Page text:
This is a continuation of a report on new ways to look at depth of field. The series starts here:
Yesterday, we looked at the focus distance that made a minimal impact on the sharpness for objects at infinity, with minimal being defined as a reduction of MTF50 by 10% from the value when the lens is focused at infinity at the same aperture.
Those of you skilled in the art of conventional DOF calculations will recognize the above method as conceptually similar to the derivation of the hyperfocal distance. However, the numbers that I came up with in yesterday’s post are quite different than the ones that you’d find in the DOF card that came with your Leica M3 or Nikon F, and similarly different from what you’d get setting the hyperfocal distance using the DOF ticks on your lens barrel, which assume a circle of confusion (CoC) of about 30 micrometers (um).
That isn’t to say that MTF is MTF and CoC is CoC and never the twain shall meet. MTF50 and CoC are correlated, and with some simplifying assumptions, for any sensor there is a mapping from one to the other. You could get results similar to what I got yesterday by judiciously picking the CoC for each aperture; it would be exceedingly small by conventional DOF standards.
So what do we call the distances that I came up with yesterday. My proposal is the hyper-hyperfocal distances. The “hyperfocal” is a nod to the concept from the conventional DOF canon; the additional prefixing “hyper” is a reference to taking the concept farther than it’s gone before, and maybe a comment on the mentality of those who might use the freshly-minted concept in the future. For concision, I’ll abbreviate the term to HHFD.
I went back and reworked yesterday’s calculations extending the far object distances to increase accuracy. [Thanks to Jerry Fusselman for catching a normalization error that I’ve now fixed.] I’ll put the focal length in mm, and the distance in meters.:
- f/4 — 0.0595 * (focal length)^2
- f/5.6 — 0.0397 * (focal length)^2
- f/8 — 0.0264 * (focal length)^2
- f/11 — 0.0149 * (focal length)^2
- f/16 — 0.0083 * (focal length)^2
- f/22 — 0.0046 * (focal length)^2
For the 55 mm lens that I’ve been using, rounded numbers are:
- f/4 — 180 meters
- f/5.6 — 120 meters
- f/8 — 80 meters
- f/11 — 45 meters
- f/16 — 25 meters
- f/22 — 14 meters
Remember, these are for the Sony a7RII. There is currently no full frame camera with significantly higher resolution. If you have a camera of significantly lower resolution and/or and antialiasing (AA) filter, like an a7S or a7SII, the distances will be somewhat lower. When that great day dawns and we have 200 MP full frame cameras, the HHFDs will — gulp — be even longer.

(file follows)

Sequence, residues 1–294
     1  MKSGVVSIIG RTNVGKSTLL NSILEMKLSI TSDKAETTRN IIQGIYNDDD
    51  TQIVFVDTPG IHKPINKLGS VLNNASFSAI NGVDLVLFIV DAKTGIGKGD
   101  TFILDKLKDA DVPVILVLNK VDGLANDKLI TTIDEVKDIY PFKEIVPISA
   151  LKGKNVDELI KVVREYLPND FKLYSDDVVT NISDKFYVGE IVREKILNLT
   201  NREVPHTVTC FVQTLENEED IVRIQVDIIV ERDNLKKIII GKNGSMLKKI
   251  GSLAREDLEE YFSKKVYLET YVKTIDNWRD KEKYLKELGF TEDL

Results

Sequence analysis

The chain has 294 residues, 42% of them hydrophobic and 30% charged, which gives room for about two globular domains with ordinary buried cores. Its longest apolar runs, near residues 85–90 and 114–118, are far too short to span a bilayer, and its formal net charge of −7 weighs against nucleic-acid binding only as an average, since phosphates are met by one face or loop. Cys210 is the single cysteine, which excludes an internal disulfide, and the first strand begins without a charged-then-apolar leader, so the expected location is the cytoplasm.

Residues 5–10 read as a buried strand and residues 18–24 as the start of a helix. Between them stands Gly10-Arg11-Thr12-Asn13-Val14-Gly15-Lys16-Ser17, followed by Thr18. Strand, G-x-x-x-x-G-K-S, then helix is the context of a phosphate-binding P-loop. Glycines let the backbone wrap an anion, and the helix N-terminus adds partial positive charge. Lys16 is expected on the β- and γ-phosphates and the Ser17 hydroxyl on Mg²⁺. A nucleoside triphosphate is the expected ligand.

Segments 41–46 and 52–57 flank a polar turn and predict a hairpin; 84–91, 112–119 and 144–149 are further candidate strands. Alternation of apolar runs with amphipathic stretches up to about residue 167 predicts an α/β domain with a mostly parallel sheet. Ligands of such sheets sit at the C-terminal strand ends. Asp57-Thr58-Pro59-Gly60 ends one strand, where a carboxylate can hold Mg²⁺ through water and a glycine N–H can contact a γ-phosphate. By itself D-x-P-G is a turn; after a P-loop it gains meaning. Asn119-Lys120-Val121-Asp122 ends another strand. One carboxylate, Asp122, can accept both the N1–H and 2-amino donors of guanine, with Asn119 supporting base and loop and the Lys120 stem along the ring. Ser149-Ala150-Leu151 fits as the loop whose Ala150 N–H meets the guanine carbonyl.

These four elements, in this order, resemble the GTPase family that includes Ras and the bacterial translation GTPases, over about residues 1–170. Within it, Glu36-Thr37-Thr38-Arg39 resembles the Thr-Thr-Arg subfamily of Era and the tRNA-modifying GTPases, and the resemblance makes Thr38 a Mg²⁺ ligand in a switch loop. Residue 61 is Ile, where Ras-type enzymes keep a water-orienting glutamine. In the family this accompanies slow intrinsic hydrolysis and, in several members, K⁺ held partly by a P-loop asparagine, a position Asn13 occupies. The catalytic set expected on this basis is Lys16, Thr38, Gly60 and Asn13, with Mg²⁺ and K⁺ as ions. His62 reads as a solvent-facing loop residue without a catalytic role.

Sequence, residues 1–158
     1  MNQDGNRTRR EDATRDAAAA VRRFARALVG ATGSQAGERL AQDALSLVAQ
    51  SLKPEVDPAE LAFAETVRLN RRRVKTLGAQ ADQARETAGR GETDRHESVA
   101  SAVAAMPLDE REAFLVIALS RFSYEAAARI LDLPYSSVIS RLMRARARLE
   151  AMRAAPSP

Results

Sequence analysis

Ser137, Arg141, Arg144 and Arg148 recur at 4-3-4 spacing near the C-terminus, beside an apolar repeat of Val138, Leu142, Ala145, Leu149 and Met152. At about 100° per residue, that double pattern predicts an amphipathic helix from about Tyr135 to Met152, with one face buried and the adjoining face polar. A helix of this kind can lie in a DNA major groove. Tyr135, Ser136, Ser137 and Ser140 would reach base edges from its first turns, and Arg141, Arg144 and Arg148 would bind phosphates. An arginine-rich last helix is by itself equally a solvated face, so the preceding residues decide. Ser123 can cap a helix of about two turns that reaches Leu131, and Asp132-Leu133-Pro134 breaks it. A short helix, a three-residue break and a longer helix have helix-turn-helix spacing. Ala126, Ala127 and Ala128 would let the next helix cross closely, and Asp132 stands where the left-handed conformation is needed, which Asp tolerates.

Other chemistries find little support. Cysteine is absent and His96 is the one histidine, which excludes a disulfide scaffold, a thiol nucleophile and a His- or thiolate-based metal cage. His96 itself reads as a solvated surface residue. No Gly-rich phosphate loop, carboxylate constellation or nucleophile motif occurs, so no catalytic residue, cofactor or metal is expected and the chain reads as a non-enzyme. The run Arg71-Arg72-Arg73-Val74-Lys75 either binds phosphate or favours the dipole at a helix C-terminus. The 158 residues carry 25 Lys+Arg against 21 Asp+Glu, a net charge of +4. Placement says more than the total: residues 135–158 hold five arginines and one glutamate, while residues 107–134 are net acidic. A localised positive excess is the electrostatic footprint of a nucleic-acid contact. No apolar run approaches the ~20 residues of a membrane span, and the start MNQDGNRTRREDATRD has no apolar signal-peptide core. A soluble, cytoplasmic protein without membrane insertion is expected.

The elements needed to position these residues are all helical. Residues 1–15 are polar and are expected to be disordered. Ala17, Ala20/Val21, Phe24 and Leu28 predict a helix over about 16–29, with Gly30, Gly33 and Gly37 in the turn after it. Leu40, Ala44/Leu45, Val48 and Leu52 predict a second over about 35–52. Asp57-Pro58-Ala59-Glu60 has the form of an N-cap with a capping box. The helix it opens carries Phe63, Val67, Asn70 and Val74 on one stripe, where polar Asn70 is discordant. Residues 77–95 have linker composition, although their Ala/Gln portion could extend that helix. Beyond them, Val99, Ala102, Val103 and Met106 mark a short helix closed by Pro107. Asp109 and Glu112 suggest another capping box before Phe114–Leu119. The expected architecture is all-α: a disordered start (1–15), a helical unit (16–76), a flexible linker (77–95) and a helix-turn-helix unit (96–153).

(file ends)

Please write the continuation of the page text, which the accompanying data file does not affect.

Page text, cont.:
Eyeballing those numbers, you might see a practical problem: how are you going to set those distances accurately on any lens but a manual focus tele? Well, that’s a problem. Let’s put it aside for now; I can think of at least one workaround.
Would setting lens to the HHFD instead of just saying the heck with it and setting it to infinity provide any useful foreground sharpness in a landscape where most of the subject was at infinity?
Let’s find out. Here are all the whole f-stops from f/4 through f/22, with a 55 mm lens focused at infinity and the HHFD:
If that’s confusing, don’t worry; I’m going to simplify things.
But before I do, Let’s look at the curves normalized to the infinity-focused MTF50 for each f-stop:
That’s rather pretty, at least to me, but it’s too complicated to work with. I’ll show you some subsets with only two f-stops per graph.
If we use the 0.9 line (almost 2000 cy/ph) as our cutoff for the f/4 curves (this is probably unrealistic, as that number is shockingly sharp and unlikely to be actually obtained with the usual field atmospheric conditions), the HHFD setting has given us highly acceptable sharpness at 100 meters instead of at 200 meters for infinity focusing.
Looking at the f/11 curves, we see that the infinity-focused lens resolution at 50 meters is about the same as the HHFD-focused lens at less than 25 meters.
At the f/5.6 curves, we see that the infinity-focused lens resolution at 140 meters is about the same as the HHFD-focused lens at 60 meters. For f/16, the near limit of this high standard of acceptability goes from 25 to 15 meters.
At f/8 and f/22, the pattern of the HHFD having acceptable sharpness at half the near cutoff distance for infinity focusing continues.
I can think of situations in which knowing the HHFD would be useful.